Rahsaan Roland Kirk's nearly one-dozen long-players on the Mercury Records family of labels – including the Smash and Limelight subsidiaries – are gathered on this massive ten-disc compilation. Actually, it is 11 discs if you count the surprise bonus CD. Additionally, Rahsaan: The Complete Mercury Recordings of Roland Kirk lives up to its name by augmenting those albums with more than two-dozen previously unissued sides.
Following an unsatisfying three-year stint at Mercury Records, Chuck Berry returned home to Chess in 1969, just like Phil Chess predicted. Heading home didn’t necessarily mean retreating, as the four-disc Have Mercy: His Complete Chess Recordings 1969-1974 illustrates. During his time at Mercury, Chuck followed the kids wherever they went, aligning himself with the psychedelic ‘60s in a way none of his peers did. This shift is immediately apparent on “Tulane,” the very first song he cut upon his return to Chess. An ode to a couple of kids who dealt dope underneath the counter of a novelty shop, “Tulane” puts Chuck on the side of the counterculture, and over the next five years, he never strayed back to the other side of the fence, often singing about getting stoned, dabbling with a wah-wah pedal, rhapsodizing about rock festivals, cheerfully telling smutty jokes.
Sony Classical will reissue its recordings by Tafelmusik, the GRAMMY-nominated period-instrument orchestra, in a new box set of 47 CDs. Originally released between 1989 and 1998, the recordings of the famed orchestra's Baroque and Classical repertoire are all being issued together for the first time in a single Sony Classical box set.
Kathryn Stott is a British classical pianist who performs as a concerto soloist, recitalist and chamber musician. Her specialities include the English and French classical repertoire, contemporary classical music and the tango. She teaches at the Royal Academy of Music and Chetham's School of Music, and has organised several music festivals and concert series.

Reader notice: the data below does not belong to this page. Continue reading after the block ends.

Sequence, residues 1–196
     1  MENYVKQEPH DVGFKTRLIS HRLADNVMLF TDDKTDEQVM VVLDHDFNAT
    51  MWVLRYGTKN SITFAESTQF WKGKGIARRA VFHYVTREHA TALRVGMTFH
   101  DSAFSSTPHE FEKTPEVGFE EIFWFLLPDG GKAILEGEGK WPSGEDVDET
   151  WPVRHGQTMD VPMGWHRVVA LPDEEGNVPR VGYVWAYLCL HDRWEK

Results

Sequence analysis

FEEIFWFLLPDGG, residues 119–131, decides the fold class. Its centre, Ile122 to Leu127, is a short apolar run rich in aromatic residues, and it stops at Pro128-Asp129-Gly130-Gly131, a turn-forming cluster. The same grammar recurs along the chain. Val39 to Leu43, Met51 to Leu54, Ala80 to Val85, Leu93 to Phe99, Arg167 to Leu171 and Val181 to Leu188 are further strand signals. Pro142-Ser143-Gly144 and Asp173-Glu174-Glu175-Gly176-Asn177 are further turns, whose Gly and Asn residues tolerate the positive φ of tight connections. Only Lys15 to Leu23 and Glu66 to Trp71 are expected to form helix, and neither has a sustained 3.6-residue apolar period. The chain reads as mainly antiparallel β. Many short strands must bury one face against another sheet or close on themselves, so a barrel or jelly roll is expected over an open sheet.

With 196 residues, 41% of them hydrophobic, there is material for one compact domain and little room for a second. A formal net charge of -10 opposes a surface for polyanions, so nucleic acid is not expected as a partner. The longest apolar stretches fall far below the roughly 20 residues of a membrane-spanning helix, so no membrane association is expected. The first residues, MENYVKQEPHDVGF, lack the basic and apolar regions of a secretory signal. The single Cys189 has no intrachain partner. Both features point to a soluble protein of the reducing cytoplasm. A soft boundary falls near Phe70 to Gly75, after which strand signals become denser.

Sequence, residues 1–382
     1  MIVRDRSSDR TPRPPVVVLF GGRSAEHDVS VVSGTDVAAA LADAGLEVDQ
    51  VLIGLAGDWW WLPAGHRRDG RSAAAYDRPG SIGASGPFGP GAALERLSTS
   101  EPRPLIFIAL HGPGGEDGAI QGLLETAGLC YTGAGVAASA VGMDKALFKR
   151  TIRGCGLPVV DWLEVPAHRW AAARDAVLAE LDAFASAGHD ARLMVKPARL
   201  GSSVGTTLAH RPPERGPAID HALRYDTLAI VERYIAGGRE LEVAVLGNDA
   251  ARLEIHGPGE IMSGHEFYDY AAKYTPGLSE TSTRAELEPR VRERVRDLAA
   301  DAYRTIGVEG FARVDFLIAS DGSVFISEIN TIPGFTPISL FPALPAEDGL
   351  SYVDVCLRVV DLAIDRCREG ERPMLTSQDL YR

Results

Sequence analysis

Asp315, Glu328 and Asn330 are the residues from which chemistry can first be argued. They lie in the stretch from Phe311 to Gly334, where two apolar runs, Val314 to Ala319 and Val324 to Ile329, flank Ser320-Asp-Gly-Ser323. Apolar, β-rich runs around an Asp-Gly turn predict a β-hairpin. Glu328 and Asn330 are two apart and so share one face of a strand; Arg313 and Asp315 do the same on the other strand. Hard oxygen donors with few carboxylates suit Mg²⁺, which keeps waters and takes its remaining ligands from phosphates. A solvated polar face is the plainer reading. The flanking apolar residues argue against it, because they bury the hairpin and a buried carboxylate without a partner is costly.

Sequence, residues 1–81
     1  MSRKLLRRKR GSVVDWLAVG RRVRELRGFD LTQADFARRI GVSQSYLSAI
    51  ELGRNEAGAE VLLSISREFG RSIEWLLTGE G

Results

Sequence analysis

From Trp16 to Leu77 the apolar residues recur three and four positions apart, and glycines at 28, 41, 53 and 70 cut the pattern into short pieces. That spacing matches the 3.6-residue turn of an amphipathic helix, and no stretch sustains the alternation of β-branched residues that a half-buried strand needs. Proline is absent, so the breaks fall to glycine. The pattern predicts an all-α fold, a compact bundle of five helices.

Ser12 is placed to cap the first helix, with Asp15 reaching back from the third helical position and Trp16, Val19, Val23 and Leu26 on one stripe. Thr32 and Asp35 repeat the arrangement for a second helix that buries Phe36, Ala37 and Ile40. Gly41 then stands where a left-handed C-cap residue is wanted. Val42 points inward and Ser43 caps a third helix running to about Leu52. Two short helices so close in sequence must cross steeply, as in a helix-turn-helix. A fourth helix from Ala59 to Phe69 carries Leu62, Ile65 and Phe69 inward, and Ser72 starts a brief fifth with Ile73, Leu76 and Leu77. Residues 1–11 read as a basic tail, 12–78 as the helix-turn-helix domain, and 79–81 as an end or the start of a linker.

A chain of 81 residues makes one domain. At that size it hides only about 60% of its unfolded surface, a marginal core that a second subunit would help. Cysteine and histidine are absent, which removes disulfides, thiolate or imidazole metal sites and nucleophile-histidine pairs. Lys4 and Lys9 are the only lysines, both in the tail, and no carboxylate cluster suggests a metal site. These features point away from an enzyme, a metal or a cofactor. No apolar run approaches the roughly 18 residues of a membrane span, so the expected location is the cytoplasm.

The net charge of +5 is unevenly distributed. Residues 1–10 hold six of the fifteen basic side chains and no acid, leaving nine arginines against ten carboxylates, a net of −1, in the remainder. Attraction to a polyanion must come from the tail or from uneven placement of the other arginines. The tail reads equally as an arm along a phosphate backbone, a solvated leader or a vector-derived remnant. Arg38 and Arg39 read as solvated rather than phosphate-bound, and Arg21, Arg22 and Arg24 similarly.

Kathryn Stott: The Complete Solo Recordings presents the celebrated British pianist’s entire solo recording output on Conifer Records, newly remastered and collected together in this 9 CD box set. Features works by Chopin, Rachmaninoff, Liszt, Debussy, and more.
The emergence of Chris Connor as a singer began when Stan Kenton engaged her as his featured orchestra vocalist in 1953. With her uncanny vocal resemblance to June Christy, she immediately burst onto the national scene. Tall, blonde Chris was becoming one of the select corps of younger girl vocalists, and in the fall of that year she left the bandleader and beganbuilding a reputation as a single on the eastern club circuit, soon signing an exclusive contract with the then-new Bethlehem Records label.
William John Evans, known as Bill Evans (pronunciation: /ˈɛvəns/, August 16, 1929 – September 15, 1980), was an American jazz pianist and composer who mostly worked in a trio setting. He is widely considered to be one of the greatest jazz pianists of all time, and is considered by some to have been the most influential post-World War II jazz pianist. Evans's use of impressionist harmony, inventive interpretation of traditional jazz repertoire, block chords, and trademark rhythmically independent, "singing" melodic lines continue to influence jazz pianists today. Unlike many other jazz musicians of his time, Evans never embraced new movements like jazz fusion or free jazz.
This CD compilation presents, on 8 discs, 17 recording sessions made between 1951 and late 1956 by the extraordinary trumpeter, leader, composer, and perpetual catalyst–Miles Davis. Featured in this collection are such major artists as Charlie Parker, Thelonious Monk, Charles Mingus, Sonny Rollins, Lee Konitz, and the original Davis Quintet: John Coltrane, Red Garland, Paul Chambers, and Philly Joe Jones. The expanse of Miles Davis's recordings for Prestige Records, the California analogue to New York's Blue Note, is huge. In terms of artistic development, the eight CDs in this box span Davis's development from tentative searching through the full bloom of his first great quintet, whose frontline boasted Davis and a young John Coltrane.